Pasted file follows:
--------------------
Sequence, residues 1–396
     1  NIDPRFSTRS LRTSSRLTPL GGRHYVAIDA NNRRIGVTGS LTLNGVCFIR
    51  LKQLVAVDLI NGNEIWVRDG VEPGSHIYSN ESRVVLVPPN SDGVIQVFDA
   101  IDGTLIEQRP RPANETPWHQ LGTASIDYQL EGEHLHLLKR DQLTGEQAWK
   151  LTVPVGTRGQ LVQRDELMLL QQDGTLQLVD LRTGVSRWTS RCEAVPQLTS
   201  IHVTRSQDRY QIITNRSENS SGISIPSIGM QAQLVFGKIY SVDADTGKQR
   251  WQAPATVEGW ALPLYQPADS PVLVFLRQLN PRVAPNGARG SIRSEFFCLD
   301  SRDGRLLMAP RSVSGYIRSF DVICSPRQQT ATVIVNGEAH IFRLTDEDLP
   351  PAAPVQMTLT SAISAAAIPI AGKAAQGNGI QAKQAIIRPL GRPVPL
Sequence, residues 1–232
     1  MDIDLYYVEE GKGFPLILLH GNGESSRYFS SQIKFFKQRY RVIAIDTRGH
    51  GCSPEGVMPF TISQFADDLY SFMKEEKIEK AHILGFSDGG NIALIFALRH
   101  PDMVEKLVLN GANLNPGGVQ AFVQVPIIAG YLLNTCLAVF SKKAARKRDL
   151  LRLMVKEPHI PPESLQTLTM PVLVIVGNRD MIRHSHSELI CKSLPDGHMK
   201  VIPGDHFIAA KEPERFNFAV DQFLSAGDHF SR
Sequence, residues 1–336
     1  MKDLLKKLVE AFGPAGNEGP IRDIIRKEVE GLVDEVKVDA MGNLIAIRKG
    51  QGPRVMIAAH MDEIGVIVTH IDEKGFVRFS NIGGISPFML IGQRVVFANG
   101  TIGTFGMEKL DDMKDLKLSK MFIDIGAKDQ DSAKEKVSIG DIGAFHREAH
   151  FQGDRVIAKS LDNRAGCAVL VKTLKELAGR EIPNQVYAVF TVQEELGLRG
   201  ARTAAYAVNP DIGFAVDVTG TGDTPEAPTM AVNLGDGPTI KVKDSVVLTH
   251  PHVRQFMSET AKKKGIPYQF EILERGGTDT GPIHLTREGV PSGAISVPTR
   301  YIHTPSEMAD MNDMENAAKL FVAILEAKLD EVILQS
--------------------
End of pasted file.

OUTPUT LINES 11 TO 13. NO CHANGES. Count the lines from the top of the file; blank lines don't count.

     1  MDIDLYYVEE GKGFPLILLH GNGESSRYFS SQIKFFKQRY RVIAIDTRGH
    51  GCSPEGVMPF TISQFADDLY SFMKEEKIEK AHILGFSDGG NIALIFALRH
   101  PDMVEKLVLN GANLNPGGVQ AFVQVPIIAG YLLNTCLAVF SKKAARKRDL